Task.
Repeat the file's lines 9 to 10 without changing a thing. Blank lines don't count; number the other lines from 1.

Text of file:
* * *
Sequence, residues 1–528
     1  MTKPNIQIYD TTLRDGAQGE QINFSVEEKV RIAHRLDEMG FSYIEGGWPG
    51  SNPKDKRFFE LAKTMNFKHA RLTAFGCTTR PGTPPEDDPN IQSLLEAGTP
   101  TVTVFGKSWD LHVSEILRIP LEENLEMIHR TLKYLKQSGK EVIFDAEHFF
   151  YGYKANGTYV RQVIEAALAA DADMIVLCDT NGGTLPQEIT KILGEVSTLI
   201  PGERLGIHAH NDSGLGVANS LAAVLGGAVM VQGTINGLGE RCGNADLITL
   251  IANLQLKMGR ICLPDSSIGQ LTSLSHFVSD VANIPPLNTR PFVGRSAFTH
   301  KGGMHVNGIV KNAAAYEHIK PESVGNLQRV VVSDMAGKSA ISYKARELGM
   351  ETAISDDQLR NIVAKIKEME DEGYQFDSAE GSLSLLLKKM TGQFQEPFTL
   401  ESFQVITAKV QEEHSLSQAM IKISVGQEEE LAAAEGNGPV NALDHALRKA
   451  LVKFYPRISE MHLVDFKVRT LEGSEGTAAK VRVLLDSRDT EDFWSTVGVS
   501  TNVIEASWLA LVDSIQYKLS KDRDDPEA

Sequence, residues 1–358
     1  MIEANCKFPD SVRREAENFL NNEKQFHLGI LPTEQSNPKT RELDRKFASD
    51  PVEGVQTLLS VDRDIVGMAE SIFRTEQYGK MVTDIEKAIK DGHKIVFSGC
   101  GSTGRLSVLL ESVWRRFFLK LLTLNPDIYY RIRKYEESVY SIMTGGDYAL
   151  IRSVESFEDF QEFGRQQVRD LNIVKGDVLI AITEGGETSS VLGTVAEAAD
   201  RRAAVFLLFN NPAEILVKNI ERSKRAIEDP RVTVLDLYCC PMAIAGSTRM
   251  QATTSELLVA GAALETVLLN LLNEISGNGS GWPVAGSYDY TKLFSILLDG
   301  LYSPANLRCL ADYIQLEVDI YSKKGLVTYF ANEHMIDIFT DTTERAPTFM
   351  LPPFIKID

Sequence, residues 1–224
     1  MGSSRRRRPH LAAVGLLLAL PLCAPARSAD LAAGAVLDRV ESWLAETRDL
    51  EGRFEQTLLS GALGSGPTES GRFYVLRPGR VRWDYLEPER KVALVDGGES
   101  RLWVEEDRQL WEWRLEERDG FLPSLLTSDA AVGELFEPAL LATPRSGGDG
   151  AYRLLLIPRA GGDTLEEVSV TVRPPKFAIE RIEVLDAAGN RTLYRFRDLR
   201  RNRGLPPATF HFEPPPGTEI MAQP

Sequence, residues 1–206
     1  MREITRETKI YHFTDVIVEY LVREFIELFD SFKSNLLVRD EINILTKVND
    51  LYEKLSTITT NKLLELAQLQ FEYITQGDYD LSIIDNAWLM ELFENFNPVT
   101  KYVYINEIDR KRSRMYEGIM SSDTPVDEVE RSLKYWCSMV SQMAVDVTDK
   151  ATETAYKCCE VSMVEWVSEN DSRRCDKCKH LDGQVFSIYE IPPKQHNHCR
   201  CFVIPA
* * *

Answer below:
   351  ETAISDDQLR NIVAKIKEME DEGYQFDSAE GSLSLLLKKM TGQFQEPFTL
   401  ESFQVITAKV QEEHSLSQAM IKISVGQEEE LAAAEGNGPV NALDHALRKA